Pi Phi Chapter

An Exploration of Nursing Communication Competence During Handoff Report

Nursing Research on the Green

2017 Abstract

Megan Smith, MSN, RN, CNE – University of Nevada Las Vegas and Viterbo University

  • Background:  Nurse handoff reporting is a crucial time for communication in the patient care setting as it is a frequent event with a high volume of information exchange. During handoff report, patient information is exchanged between senders and receivers transferring responsibility for care with the main purpose of providing accurate and timely information about the patient. The Joint Commission reports that shortcomings related to communication can be directly related to an increase in patient care errors, with approximately 80% of medical errors resulting from miscommunication during handoff processes. 
  • Significance:  Numerous intervention studies focus on standardizing information, developing physical locations and environments for ideal handoffs, and creating tools for structured information exchange between different types of healthcare professionals. Despite the implementation of a variety of interventions, errors related to handoff communication remain high. In addition, though communication quality and competence is a key element of effective work processes in complex settings such as acute care hospitals, there is a paucity of research focused on nurses' communication competence related to the quality of handoff communications. 
  • Purpose/objective:  The purpose of this descriptive correlational study is to explore nurses' communication competence related to the quality of handoff reporting in the acute care setting. 
  • Methods/project:   Pilot Study-Using a dyadic perspective, 48 nursing handoffs on general medical / surgical units will be examined from the view of the incoming and outgoing nurse. Using the Nurse Communication Competence Scale, each nurse will rate themselves and the other nurse involved in the handoff event on information giving, receiving, verifying and socio-emotional communication behaviors. Nurses will also rate the quality of the handoff. Using case-matching for each handoff event, data comparing the ratings on the Nurse Communication Competence Scale, handoff quality, and selected demographics will be analyzed with the aim of comparing the perspectives of the incoming and outgoing nurses for the same event. Data collection will occur over a three-month period after obtaining informed consent and Institutional Review Board approval with data analysis to follow.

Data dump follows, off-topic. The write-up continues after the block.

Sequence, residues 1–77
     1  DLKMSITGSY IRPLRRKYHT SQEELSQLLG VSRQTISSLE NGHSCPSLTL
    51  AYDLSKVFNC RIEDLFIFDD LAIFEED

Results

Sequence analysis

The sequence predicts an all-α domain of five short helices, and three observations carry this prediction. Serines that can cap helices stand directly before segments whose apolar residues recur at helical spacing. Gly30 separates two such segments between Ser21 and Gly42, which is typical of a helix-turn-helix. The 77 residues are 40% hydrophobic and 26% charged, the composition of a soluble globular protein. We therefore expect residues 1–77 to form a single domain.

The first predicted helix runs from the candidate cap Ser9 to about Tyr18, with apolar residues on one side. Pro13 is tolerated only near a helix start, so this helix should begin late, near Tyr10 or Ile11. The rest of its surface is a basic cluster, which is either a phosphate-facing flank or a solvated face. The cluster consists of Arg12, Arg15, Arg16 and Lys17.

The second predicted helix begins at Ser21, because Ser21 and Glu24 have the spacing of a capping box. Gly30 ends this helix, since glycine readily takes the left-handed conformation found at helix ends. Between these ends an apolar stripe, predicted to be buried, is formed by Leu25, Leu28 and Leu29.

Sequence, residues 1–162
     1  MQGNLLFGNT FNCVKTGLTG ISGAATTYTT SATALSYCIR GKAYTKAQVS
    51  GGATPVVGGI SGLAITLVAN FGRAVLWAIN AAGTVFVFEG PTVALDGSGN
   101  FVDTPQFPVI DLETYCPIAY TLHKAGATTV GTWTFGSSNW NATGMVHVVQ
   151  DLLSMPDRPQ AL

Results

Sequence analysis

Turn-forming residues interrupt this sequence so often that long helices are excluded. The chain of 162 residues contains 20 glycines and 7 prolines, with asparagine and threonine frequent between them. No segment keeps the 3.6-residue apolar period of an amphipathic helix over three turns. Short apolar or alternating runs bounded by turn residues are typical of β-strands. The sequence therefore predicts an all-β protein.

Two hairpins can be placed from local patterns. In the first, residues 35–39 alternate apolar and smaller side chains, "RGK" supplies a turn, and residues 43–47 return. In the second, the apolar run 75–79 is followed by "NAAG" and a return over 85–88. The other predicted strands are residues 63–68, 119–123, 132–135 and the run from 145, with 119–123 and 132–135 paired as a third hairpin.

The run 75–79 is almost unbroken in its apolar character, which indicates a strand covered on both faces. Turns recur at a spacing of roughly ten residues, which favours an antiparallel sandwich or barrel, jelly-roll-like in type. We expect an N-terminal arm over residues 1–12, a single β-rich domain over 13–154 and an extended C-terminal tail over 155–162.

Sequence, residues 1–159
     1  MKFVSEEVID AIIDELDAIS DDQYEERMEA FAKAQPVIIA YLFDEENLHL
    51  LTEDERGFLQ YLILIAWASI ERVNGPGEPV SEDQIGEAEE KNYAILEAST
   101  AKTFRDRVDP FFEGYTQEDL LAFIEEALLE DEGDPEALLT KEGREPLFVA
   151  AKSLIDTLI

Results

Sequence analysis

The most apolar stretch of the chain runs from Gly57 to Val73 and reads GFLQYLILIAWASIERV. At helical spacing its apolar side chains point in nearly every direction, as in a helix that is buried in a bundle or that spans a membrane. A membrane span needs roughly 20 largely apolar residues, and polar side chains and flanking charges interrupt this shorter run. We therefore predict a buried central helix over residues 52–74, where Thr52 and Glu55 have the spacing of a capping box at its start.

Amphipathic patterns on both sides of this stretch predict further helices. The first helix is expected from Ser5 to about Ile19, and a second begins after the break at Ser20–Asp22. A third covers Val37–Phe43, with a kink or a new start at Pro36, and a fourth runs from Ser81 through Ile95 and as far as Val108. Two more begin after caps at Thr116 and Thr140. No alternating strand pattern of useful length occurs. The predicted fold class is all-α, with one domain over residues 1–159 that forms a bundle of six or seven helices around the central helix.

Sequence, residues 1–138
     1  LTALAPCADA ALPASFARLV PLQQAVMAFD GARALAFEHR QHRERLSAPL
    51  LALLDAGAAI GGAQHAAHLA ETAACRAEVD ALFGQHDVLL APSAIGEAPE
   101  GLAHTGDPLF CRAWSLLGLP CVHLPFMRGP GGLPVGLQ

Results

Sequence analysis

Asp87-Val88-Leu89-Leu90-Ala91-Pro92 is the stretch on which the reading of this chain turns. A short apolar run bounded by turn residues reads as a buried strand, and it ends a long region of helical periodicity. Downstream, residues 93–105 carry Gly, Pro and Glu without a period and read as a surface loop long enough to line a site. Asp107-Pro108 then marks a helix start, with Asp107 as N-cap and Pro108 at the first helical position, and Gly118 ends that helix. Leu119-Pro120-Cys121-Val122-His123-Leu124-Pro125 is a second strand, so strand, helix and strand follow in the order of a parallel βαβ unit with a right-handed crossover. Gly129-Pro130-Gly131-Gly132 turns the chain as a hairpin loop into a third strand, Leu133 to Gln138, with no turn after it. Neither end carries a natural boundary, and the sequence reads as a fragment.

• Results:  Study in Progress
  • Clinical implications:  This study will build on previous research that explored nurses' communication competence from the limited perspective of nurses recalling previously experienced handoff events. In addition, this study will apply a more integrated view of handoff communications by examining possible differences among the perceptions between the incoming and outgoing nurses beyond information exchange. From a practical perspective, having a clearer picture of communication behaviors as it relates to the quality of the handoff report can lead to better training for both professional nurses and help educators teach communication skills that lend to competence. The study findings may provide a foundation for handoff processes and training that could prevent patient errors through improving nurse communication competency. Nurses who have the necessary skills for communication competence may better meet their colleagues' expectations of a quality handoff and result in fewer communication-related errors in patient care. 

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